While work and learning went remote, hundreds stepped up their efforts on campus
This article first appeared in a summer publication related to the university’s response to the COVID-19 pandemic. More articles will appear in The Daily and on the university and school social media accounts in upcoming weeks; visit case.edu/together to see more.
As Case Western Reserve prepares to welcome students back to campus this fall, faculty and staff are returning in a phased approach after working and teaching remotely since mid-March.
But for hundreds of employees, work on campus never stopped.
Throughout the first months of the COVID-19 pandemic, approximately 600 essential employees continued to report to campus to maintain safe working and living conditions—caring for students in Cleveland and beyond, conducting life-saving research, cleaning and disinfecting residences and workspaces, or providing meals for students, faculty and staff who remained.
“All of this was new, so we had to work together to answer the question: How do we keep people safe?” said Sara Lee (MED ’01), MD, executive director of University Health and Counseling Services (UHCS), who helps lead Case Western Reserve’s coronavirus response. “We knew we had to make sure that all the resources and best practices that existed were available to our community, but also make sure that we—health and counseling—were available as a resource to answer questions and be there if people needed us.”
Lee and her staff turned to telehealth for student care, with virtual “walk-in” visits that led to in-person care when needed. For the rest of campus, UHCS and the Division of Public Safety’s Office of Resiliency became critical resources, working closely with departments to answer questions about cleaning and disinfection, provide guidance on what to do if someone becomes sick, and coordinate services and resources for faculty and staff.
Critically, both departments quickly shifted to focus on the safe return of students, faculty and staff. Megan Koeth, director of resiliency, and her team collaborate with departments and individuals to create safety protocols and operations plans; coordinate the distribution of personal protective equipment; and conduct site visits to ensure offices, classrooms and labs follow all health guidelines.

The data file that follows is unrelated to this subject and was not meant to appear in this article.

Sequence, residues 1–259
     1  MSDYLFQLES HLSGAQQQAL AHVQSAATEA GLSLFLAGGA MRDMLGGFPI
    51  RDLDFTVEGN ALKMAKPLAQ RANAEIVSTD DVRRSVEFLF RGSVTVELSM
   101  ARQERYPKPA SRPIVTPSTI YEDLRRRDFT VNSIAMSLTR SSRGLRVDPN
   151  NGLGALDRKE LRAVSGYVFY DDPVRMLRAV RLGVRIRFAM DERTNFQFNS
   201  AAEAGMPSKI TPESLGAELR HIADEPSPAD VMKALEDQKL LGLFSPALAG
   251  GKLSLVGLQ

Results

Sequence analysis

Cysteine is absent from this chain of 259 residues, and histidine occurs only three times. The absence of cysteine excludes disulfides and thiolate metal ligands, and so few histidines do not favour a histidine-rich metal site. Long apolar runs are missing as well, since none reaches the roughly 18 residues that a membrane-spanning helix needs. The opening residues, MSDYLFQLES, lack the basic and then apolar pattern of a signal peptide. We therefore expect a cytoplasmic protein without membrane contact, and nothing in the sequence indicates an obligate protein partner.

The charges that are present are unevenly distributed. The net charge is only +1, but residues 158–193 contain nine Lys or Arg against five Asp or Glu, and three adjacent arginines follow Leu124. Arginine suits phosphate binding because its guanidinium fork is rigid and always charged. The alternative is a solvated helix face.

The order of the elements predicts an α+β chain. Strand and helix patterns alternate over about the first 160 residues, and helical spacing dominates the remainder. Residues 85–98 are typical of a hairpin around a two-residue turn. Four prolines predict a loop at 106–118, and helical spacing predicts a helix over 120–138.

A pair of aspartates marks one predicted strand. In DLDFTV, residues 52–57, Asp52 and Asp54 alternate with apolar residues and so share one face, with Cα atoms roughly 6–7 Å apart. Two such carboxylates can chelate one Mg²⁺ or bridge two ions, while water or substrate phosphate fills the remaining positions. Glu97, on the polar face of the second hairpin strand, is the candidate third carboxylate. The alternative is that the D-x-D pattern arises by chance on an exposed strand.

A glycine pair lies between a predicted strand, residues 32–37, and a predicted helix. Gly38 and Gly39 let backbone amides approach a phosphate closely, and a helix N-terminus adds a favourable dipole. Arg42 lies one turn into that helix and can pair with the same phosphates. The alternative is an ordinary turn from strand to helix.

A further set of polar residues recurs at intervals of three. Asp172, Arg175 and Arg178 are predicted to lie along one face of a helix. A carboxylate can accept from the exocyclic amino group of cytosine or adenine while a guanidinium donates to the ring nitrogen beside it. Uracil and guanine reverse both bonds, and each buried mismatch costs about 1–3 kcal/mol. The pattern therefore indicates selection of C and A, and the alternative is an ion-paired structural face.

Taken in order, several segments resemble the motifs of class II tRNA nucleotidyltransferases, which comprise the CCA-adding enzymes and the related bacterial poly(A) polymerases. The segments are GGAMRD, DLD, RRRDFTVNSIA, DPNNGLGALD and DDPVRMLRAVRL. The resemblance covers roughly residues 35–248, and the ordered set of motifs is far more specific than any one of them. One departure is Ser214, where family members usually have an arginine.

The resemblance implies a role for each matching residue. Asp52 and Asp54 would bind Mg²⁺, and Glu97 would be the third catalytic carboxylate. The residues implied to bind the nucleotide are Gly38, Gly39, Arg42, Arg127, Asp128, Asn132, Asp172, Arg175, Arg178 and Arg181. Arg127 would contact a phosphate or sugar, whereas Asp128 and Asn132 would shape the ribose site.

Across campus, custodial and facilities staff have worked diligently to limit the virus’s spread, following strict cleaning protocols to disinfect workspaces, labs and residence halls.
“The biggest challenge was having to switch modes so abruptly,” said Joe Thomas, assistant director of housing facilities. “It was a huge undertaking to go from our normal daily activities to preparing to move students out, transition some to new housing and make sure their living spaces were disinfected—all while maintaining a proper social distance.”
Staff from the Office of Residence Life delivered meals to quarantined students, checked in on residential communities and hosted virtual gatherings for roughly 400 students who remained on campus. They also coordinated the packing, storage and delivery of student belongings left on campus.
“We could not have accomplished everything without our [student] resident assistants,” said Amber Karel-Gerace, residential community director.
Karel-Gerace described those who continued to report to campus during the state’s stay-at-home order as a “small but mighty” group, and noted that the experience gave her a new appreciation for essential employees—especially those within custodial services and Bon Appetit, the university’s foodservice partner.
Thomas, whose team is responsible for both custodial services and maintenance for residential facilities, explained that in addition to keeping students safe, the health of his staff is a priority.
“A lot of departments worked together to make sure we had the necessary information and equipment to do our jobs confidently,” he said. “That helped [my staff] feel more comfortable being on the front lines.”
Bon Appetit Executive Chef Vinnie Gaikens and a team of about 40 chefs and managers prepare hundreds of free boxed lunches, available to all essential employees on campus, as well as the hot meals for students in residence halls.
“There have definitely been frustrating moments along the way, as we’re constantly adapting to new information,” said Gaikens. “But there have been so many opportunities to feel part of something big. The sense of community you have when you’re working together as a group toward a shared goal, and a shared experience—it’s actually been kind of special.”
Cheryl Cameron, PhD, immunologist and assistant professor in the Department of Nutrition, may have felt more prepared than most to face the challenges of a global pandemic. On the front lines of the SARS outbreak at Toronto General Hospital in 2003, Cameron ultimately helped with the research response to the disease, making her uniquely qualified to confront the research needs of COVID-19.
Cameron’s research focuses on the immune system, and figuring out what is special or unique about a person that could predict their ability to handle disease and infection.
“One of the main things we’re looking for are sets of biomarkers or an immune response signature,” said Cameron. “We’re trying to predict who will have a mild, moderate or severe course, but also identify what a beneficial immune response looks like.”
This article was originally published July 23, 2020.